Our first volunteer, and resident blogger, James Carless shares his thoughts on the benefits of volunteering and the role of volunteer sin the current economic climate
Without going into too much detail, we all know the problems with the economy at the moment – not only in this country but also internationally. We also know that unemployment is high – officially being at 2.56 million. However, without going into too much detail, the ‘economically inactive’ figure (which includes everyone of working age not working) stands at 9.1 million. As for part-time workers, the figure stands at just over 8 million, while youth unemployment is still stubbornly high at over 1 million.
However these figures are interpreted and whoever is included or excluded from them does not alter the fact that there are deep problems with the economy at present, which will sadly not be going away anytime soon.
While any of us can fall into troubled situations in our lives –as we could be the next in the unemployment line- being in this position does not have to be the end of the world. There are ways to ‘keep your head above the water’, one of which is volunteering. While it is not acceptable that a volunteer should take the place of a paid worker (as after all, this is just making the current economic situation worse), volunteering for a charity or any other organisation –where the work is not taking the place of a paid employee- can greatly help that organisation but also the volunteer.
BENEFITS FOR THE ORGANISATION
Especially for charities and other ‘not for profit’ or ‘more than profit’ organisations (the latter acting like charities), a volunteer can be invaluable. Everyone has different skills and experience which can be vital when brought to an organisation. It could be that you have excellent book-keeping skills or are very good with people, or even have a great knowledge of the retail sector. Whatever this may be, it could be of great advantage to the organisation you volunteer with.
Added to this is the fact that by volunteering, you will providing an extra pair of hands that the organisation may not have otherwise had. If you are a fast or very good worker, the extra help will probably be even more appreciated.
Then of course, by being this ‘extra pair of hands’ –maybe even be one of a group of extra volunteers- this may be the means for the business to expand. It could be that the charity now has enough volunteers to open a new shop or your website editing skills enable the organisation to set up another website.
FOR THE VOLUNTEER
Of course volunteering is a ‘two way street’ and while you may not expect anything in return, appreciation for your efforts is always good – plus any other benefits are an advantage.
By volunteering, a great benefit can actually be simply getting out of the house. This may be especially valuable for people who live on their own –it could be somebody who has lost a husband/wife- and at the present time for people who have become unemployed and/or are looking for work.
Volunteering, unless you are volunteering in a remote lighthouse in the Western Isles that is, will probably bring you into contact with a wide range of people, from business colleagues and customers to suppliers and local officials. Not only can this be interesting –certainly more so than being stuck in the house all day- it can also help develop interpersonal skills – with increased confidence of meeting and speaking to people from a wide variety of backgrounds.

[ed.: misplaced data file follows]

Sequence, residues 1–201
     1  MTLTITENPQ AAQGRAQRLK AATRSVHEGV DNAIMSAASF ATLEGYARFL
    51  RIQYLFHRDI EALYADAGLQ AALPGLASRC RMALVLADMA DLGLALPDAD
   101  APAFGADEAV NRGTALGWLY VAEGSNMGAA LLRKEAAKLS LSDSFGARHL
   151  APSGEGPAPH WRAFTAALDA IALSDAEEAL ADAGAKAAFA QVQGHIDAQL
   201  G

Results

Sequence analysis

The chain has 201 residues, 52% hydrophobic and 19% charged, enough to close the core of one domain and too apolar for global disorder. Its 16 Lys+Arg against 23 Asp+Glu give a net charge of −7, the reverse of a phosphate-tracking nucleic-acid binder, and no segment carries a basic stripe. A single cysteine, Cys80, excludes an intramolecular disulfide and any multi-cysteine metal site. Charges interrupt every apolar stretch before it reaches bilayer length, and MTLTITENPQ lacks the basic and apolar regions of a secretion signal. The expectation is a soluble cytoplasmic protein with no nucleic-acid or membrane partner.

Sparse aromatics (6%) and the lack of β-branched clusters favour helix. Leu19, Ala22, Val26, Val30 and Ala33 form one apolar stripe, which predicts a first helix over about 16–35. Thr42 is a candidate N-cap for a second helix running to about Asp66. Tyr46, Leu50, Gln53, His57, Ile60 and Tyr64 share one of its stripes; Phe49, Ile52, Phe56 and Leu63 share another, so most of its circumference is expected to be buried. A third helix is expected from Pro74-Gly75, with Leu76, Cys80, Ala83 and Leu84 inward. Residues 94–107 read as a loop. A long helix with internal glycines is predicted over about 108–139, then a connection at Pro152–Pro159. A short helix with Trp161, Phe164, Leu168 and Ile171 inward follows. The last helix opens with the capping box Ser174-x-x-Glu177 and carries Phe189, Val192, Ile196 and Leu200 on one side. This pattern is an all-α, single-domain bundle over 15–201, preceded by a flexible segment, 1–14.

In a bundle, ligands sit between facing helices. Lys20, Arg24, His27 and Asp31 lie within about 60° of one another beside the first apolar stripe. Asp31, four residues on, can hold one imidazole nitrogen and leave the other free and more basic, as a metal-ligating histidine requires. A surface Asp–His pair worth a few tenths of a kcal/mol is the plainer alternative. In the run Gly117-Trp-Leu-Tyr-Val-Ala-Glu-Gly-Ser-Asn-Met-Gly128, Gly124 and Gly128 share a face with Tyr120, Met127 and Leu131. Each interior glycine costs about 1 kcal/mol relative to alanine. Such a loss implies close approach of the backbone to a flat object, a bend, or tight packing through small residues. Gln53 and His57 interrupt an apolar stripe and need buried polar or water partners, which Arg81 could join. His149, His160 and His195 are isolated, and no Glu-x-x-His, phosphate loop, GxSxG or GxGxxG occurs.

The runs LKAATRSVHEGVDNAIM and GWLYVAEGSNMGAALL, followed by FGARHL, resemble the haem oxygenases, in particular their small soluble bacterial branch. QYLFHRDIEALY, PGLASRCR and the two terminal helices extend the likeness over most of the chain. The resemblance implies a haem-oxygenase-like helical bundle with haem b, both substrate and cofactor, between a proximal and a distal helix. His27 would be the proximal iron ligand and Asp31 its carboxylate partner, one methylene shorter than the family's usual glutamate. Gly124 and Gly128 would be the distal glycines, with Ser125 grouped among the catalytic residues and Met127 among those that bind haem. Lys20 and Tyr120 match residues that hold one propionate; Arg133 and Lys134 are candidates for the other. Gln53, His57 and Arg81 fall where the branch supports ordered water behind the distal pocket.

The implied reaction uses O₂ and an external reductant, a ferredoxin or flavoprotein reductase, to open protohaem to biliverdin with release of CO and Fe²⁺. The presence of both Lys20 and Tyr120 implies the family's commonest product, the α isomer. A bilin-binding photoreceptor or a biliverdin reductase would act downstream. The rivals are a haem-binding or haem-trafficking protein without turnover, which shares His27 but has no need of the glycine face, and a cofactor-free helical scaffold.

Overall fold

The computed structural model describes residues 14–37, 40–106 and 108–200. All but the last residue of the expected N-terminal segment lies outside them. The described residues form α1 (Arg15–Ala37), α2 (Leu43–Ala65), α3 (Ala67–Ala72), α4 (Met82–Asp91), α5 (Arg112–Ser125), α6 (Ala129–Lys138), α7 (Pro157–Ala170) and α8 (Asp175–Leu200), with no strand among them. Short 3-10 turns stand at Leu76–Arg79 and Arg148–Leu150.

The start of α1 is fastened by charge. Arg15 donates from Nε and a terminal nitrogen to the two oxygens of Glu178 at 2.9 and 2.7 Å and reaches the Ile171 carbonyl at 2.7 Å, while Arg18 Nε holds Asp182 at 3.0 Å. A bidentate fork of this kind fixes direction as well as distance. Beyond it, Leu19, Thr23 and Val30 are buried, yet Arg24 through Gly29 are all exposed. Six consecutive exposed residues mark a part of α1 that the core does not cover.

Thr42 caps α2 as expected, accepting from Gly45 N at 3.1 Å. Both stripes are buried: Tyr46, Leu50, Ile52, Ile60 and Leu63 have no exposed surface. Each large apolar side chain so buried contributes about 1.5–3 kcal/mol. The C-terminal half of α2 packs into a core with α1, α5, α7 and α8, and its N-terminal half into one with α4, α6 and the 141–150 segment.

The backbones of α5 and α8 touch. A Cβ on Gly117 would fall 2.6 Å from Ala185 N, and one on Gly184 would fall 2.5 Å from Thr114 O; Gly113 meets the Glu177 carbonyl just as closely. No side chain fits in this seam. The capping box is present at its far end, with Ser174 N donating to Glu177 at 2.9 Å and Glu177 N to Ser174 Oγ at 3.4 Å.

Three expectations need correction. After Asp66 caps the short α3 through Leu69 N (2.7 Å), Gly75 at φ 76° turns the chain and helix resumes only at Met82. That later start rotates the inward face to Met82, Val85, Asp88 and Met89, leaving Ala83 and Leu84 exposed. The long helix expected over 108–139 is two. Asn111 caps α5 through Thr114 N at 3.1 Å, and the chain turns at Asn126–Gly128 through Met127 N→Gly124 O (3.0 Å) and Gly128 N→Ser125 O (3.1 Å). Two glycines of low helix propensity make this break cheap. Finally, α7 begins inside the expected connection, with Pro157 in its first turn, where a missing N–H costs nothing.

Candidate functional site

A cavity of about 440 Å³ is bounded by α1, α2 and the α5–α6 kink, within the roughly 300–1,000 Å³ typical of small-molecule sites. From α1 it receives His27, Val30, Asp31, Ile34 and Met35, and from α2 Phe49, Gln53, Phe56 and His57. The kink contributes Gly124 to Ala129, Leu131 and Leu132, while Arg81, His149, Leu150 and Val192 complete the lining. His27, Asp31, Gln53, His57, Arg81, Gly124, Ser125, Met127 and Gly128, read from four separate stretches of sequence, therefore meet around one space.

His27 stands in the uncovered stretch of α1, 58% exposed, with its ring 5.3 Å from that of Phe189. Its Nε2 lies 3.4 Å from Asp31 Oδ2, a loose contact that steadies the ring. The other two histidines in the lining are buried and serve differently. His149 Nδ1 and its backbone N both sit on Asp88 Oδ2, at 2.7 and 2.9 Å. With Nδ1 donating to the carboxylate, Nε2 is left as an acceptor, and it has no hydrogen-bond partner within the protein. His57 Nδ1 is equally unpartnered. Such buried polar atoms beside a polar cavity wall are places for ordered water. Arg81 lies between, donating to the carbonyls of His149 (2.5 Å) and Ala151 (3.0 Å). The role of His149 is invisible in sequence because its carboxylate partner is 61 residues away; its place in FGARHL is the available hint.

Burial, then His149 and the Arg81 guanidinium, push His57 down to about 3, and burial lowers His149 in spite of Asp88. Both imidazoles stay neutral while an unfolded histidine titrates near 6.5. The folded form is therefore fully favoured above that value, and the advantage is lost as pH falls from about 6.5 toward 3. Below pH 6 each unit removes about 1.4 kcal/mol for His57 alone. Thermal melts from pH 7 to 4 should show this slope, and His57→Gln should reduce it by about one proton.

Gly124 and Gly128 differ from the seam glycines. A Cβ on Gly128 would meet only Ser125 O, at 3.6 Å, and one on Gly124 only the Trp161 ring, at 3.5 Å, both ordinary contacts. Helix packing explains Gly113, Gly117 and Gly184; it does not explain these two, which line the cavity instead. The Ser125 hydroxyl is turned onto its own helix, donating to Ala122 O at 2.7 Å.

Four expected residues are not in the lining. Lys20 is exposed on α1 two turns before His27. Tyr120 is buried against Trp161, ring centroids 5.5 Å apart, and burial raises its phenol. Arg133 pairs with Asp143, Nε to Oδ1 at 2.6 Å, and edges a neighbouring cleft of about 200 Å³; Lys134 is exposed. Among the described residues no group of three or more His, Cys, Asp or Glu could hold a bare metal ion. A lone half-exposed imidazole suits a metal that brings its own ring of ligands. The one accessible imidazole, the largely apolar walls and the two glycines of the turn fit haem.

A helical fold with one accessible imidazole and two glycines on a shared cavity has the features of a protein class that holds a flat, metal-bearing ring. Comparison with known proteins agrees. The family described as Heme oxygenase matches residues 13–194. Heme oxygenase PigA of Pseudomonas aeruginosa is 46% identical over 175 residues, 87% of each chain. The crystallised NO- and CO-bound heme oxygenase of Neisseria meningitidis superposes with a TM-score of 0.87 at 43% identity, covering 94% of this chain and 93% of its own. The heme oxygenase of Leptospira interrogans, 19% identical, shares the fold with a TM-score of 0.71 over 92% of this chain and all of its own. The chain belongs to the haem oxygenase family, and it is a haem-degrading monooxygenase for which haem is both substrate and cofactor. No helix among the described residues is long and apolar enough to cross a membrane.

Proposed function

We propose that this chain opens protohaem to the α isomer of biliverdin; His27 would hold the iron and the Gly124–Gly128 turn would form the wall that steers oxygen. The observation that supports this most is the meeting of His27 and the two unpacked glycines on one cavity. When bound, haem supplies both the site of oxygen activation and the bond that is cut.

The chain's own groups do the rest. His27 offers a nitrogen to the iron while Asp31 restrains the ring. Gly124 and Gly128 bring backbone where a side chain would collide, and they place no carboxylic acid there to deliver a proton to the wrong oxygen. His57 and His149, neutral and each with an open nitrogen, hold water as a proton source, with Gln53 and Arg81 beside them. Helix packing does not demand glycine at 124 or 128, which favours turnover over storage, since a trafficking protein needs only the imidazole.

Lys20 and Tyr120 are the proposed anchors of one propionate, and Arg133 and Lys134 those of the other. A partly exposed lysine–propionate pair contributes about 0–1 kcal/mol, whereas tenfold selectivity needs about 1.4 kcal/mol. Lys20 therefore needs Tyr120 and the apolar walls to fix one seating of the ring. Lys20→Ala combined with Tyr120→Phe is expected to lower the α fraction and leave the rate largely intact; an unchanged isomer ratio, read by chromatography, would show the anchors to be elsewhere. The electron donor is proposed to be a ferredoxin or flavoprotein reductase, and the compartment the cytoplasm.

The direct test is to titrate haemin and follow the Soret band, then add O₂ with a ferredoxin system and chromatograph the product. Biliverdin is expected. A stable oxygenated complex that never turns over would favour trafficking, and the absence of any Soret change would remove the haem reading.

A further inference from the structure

This alongside the other skills gained during voluntary work can make a tremendous difference if looking for paid work – whether full or part time. Volunteering shows that you as a person have a ‘get up and go attitude’ while the various skills gained such as interpersonal skills, maybe financial awareness, research, diffusing angry situations and so-on are the types of skills that many employers are looking for. For people who have never had a job before, voluntary work also provides a great entry route into paid employment.
In many instances doing voluntary work for an organisation and settling-in well can actually lead to a paid role within that organisation. Even if this is not the case though, by being out there and speaking to people you will build up your networking skills and networks of people, which in turn may lead to a job – maybe with a friend of the manager, customer or somebody who knows somebody else (this is how many jobs are gained).
Though not paid, many organisations will pay your expenses. This could be transport costs, paying for stationary used and even for lunch. Though voluntary work by definition is unpaid, paying for these expenses may help make volunteering easier (as you are not paying to volunteer out of your own pocket) but also could lead to being invited to interesting events such as networking events, conferences and other social occasions with the organisation.
Even for people who have a part-time or even a full-time job, a little extra voluntary work can provide those extra skills or added enjoyment that can help out socially and economically. It may be the case that somebody works full time in a profit-making business and just wishes to spend a few hours a week to help out in the community, or a part-time worker wishing to increase their hours by volunteering.
Whatever your reason for volunteering, the whole experience should be positive; positive for the organisation you volunteer with and more importantly for yourself. One word of warning though – and that is voluntary work as the name suggests should be voluntary. It should therefore be extra work that helps that organisation whilst not taking the place of a paid employee.
If you have the time and have not considered volunteering, why not give it a go. You have not got anything to loose and much to gain!